After the internal network 110 and the public access network 112A are restored, the data synchronization process between the HSSs 104 may be reinitiated. Although the HSS 104B is likely updated as calls are initiated and received through the second site 102B, in some instances as previously described, the HSS 104A may also be incorrectly updated due to the calls received through the PSTN 114A. If the time stamps for the incorrect subscriber data stored in the HSS 104A are newer than the time stamps for the correct subscriber data stored in the HSS 104B, the HSS 104B may be updated with the incorrect subscriber data from the HSS 104A. This can result in data corruption at the various sites, such as the sites 102A and 102B, in the telecommunications network, thereby leading to a disruption of service provided to customers.

One way to prevent the HSS 104B from being overwritten with incorrect subscriber data from the HSS 104A is to block the update of time stamps in the HSS 104A. Referring now to FIG. 2, a data integrity manager 202 is illustrated in accordance with exemplary embodiments. The data integrity manager 202 is operative to block the update of time stamps in the HSS 104A and may be implemented as software, hardware, firmware, or combinations thereof. The data integrity manager 202 is coupled to the HSS 104A and the CSCF 108A. The data integrity manager 202 includes a monitor module 204, a proxy module 206, and a session initiation protocol (“SIP”) user agent 208. The operations of the monitor module 204, the proxy module 206, and the SIP user agent 208 are described in greater detail below.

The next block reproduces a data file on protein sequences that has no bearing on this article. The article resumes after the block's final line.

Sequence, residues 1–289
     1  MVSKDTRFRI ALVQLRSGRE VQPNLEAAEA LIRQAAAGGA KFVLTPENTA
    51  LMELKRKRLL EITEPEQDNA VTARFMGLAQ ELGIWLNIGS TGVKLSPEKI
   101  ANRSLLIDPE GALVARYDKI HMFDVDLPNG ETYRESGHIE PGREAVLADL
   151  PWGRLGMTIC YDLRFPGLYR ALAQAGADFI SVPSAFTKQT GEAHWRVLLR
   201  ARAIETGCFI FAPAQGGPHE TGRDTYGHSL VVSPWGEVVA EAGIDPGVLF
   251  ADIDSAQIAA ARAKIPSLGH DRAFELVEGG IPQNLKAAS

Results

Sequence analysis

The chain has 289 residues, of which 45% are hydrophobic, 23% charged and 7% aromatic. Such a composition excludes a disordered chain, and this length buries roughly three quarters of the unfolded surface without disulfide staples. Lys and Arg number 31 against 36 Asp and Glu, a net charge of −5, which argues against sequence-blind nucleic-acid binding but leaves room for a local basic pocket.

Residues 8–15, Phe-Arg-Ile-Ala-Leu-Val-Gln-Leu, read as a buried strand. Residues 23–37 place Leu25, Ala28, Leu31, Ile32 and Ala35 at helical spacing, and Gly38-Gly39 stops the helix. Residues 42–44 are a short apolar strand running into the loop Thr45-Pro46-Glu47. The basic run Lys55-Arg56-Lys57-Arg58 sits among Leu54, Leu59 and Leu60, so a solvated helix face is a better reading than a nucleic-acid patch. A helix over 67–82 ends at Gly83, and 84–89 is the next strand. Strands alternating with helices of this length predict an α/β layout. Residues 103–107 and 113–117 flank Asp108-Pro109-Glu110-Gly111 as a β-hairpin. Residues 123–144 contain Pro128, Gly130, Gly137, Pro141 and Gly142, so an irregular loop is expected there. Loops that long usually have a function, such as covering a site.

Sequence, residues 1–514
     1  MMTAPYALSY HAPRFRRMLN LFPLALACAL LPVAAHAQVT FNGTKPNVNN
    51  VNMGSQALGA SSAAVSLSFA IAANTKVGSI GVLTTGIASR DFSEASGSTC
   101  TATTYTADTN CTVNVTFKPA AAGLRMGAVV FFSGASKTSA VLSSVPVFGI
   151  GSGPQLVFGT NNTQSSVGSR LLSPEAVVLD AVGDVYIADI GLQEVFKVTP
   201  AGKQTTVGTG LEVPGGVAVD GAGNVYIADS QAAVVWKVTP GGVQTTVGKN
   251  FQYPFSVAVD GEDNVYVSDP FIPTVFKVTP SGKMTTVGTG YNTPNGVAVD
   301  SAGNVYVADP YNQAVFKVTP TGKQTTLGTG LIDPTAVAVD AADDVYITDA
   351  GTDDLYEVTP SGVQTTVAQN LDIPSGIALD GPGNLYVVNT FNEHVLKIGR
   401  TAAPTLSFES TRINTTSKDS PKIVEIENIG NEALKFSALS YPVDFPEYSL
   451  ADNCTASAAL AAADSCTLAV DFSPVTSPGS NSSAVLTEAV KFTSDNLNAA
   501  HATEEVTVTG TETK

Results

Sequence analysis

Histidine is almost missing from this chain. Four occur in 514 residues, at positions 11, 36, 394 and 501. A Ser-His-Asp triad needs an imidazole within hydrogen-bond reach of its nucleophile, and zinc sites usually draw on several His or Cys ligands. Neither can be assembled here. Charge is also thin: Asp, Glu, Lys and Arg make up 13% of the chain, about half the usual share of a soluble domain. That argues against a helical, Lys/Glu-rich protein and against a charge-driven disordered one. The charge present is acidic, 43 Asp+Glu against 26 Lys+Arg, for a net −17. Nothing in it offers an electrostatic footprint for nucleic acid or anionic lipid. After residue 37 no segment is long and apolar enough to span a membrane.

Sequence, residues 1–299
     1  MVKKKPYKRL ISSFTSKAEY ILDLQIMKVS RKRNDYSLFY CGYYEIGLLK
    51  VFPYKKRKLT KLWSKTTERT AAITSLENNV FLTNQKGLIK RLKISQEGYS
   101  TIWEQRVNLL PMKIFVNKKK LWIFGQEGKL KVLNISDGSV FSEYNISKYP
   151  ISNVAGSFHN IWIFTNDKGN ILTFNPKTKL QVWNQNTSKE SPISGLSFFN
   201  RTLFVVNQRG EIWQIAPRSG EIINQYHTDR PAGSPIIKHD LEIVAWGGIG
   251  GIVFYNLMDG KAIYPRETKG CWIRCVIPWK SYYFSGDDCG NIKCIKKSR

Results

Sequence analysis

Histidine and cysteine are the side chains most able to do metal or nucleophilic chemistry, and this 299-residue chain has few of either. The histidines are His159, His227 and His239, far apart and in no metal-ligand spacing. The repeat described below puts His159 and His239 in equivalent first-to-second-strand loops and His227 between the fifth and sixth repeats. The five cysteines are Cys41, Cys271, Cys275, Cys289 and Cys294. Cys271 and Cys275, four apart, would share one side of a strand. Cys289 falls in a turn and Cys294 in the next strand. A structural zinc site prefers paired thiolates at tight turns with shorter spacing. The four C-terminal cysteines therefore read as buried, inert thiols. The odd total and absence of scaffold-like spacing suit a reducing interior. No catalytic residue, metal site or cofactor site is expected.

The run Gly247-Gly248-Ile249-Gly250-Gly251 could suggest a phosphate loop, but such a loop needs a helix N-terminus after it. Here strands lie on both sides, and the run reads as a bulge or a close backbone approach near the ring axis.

According to embodiments, the monitor module 204 is operative to monitor originating SIP requests from the CSCF 108A and to determine whether the public access network 112A is available. In one example, by determining whether the public access network 112A is available, a determination can also be made whether the internal network 110 is available. The SIP requests indicate the initiation of outgoing calls from user endpoints, such as the VoIP telephone 118A. For example, the VoIP telephone 118A may send a SIP INVITE message to another user endpoint, such as the VoIP telephone 118B, through the CSCF 108A. Since outgoing calls are initiated by SIP requests through the CSCF 108A, the monitor module 204 may determine whether the public access network 112A is available based on the number of SIP requests received at the CSCF 108A. In particular, the monitor module 204 may detect any dramatic reduction in the number of originating SIP requests over a given period of time.